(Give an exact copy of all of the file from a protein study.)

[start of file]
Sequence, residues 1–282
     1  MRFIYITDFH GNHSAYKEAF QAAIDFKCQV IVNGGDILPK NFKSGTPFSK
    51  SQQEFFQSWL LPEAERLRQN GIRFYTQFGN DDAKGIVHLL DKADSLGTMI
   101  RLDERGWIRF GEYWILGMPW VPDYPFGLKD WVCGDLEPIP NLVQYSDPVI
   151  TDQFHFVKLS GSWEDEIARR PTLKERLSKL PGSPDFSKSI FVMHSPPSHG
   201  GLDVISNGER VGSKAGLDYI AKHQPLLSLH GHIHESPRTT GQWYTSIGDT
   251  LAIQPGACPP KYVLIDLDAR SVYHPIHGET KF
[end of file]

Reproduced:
Sequence, residues 1–282
     1  MRFIYITDFH GNHSAYKEAF QAAIDFKCQV IVNGGDILPK NFKSGTPFSK
    51  SQQEFFQSWL LPEAERLRQN GIRFYTQFGN DDAKGIVHLL DKADSLGTMI
   101  RLDERGWIRF GEYWILGMPW VPDYPFGLKD WVCGDLEPIP NLVQYSDPVI
   151  TDQFHFVKLS GSWEDEIARR PTLKERLSKL PGSPDFSKSI FVMHSPPSHG
   201  GLDVISNGER VGSKAGLDYI AKHQPLLSLH GHIHESPRTT GQWYTSIGDT
   251  LAIQPGACPP KYVLIDLDAR SVYHPIHGET KF